Wednesday, January 13, 2016

Workers’ Resistance (1986)

Letter to the Editors from the October 1986 issue of the Socialist Standard

Dear Editors.

I would be grateful if you could clarify, for the benefit of myself and others, the Party's position on the function of Trade Unions within capitalism.

Although I would accept that workers have to organise collectively to protect themselves against the physical and mental de-humanisation effect of the profit system. I would argue that benefits gained within such organisations arc largely short-term. Supporting their actions, therefore (especially in their present state led by such apologists for capitalism as Norman Willis), treads the thin line between the encouragement of the futile reformism of, say, the Labour Party, especially since the two have strong political connections.

Following on from this, I would be interested to hear your views on other forms of workers' resistance outside that of Union membership, such as over-manning, theft, go-slows, deliberate inefficiency and industrial sabotage - surely these are just as important as collective unionisation because they too produce cuts in surplus value (albeit. short-term) used to make profit for their bosses.
Keep up the good work.
Julian Prior
Pirbright. Surrey

REPLY
The Socialist Party's position on trade unions is based on Clause 2 of our Declaration of Principles: "There is an antagonism of interests, manifesting itself as a class struggle, between those who possess but do not produce, and those who produce but do not possess". We therefore support actions of the unions against the employers when they are for objects that are in the interests of the working class. Such, for example, as an action to raise wages or to resist a reduction, for shorter hours or to improve working conditions. Inter-union disputes, actions by unions against the employment of immigrant workers, or support given to the political parties which perpetuate capitalism are not in the interests of the working class We have always emphasised that though union organisation is valuable to the workers, its effectiveness is strictly limited and it cannot end the exploitation of the working class. Unions cannot prevent unemployment.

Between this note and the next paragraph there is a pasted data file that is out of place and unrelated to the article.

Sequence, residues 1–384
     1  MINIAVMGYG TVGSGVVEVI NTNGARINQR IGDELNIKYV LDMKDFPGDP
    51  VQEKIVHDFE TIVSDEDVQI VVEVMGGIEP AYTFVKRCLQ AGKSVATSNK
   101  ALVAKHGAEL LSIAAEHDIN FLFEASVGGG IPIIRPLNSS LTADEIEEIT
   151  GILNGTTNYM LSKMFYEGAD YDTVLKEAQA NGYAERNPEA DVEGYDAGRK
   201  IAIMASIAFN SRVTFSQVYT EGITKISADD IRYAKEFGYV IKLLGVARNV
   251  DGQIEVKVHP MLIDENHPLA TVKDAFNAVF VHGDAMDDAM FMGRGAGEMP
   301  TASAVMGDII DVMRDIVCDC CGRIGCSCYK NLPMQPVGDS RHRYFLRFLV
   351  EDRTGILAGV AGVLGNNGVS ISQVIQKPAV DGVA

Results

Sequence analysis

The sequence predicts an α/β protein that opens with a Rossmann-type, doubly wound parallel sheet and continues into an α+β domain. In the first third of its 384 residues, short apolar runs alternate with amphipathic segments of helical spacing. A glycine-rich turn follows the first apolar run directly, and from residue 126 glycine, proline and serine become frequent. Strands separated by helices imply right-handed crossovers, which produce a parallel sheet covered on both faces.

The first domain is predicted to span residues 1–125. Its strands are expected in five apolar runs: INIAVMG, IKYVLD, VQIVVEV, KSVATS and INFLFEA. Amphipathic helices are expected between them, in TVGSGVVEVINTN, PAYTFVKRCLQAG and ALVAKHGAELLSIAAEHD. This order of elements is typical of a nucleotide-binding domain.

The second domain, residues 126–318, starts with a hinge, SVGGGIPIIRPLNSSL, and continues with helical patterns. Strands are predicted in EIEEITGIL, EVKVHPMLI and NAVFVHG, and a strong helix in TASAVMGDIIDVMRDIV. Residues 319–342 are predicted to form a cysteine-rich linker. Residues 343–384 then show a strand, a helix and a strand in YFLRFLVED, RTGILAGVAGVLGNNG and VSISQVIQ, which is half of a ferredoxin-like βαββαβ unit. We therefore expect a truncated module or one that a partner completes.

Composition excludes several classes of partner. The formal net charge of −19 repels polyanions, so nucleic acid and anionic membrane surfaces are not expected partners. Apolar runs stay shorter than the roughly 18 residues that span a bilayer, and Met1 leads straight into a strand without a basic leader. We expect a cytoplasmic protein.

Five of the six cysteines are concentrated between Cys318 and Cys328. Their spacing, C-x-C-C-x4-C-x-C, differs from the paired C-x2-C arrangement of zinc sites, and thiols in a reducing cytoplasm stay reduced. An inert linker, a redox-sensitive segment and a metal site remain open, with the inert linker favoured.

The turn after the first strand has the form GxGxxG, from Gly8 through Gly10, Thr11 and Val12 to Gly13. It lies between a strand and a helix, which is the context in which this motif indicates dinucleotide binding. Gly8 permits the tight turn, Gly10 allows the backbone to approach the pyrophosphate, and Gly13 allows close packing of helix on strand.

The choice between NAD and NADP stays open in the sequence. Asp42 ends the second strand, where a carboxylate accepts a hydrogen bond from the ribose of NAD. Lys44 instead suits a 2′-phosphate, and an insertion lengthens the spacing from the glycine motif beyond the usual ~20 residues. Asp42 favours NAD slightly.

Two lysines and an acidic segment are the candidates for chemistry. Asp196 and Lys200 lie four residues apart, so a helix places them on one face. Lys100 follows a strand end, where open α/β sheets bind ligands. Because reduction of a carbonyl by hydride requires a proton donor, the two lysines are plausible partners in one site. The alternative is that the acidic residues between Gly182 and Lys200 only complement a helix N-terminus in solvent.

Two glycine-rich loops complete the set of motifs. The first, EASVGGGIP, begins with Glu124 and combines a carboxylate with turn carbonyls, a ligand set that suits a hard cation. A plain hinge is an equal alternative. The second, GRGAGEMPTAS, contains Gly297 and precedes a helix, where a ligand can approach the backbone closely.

How valuable it is can be seen from the big increases of wages following the rapid growth and improved organisation of the unions in the second half of the nineteenth century. In the 1860s, when unions were mostly small and weak, Karl Marx thought that a continued fall of workers' living standards was inevitable in face of the development of the division of labour and the introduction of labour-saving machinery. As it turned out, the average real wages of British workers rose between 1855 and 1890 by over fifty per cent. Frederick Engels in 1892, looking back over the previous forty years, commented on the improved conditions of factory workers and "the remarkable improvement" obtained by workers in the big trade unions.

Our correspondent's statement that "benefits gained within such organisations are largely short-term", is quite untrue. The improvements in the 19th century, mainly through the greater effectiveness of the unions, have never been lost; this in spite of some periods of falling real wages (as during the 1914 war, and between 1920 and 1925 when prices were falling but wages fell more severely). Long-term, the slow rise of average real wages has continued, and the big reduction of hours of work and extension of paid holidays have been permanent gains. There can be no doubt whatever that if union organisation did not exist wages would be lower than now, and working conditions worse.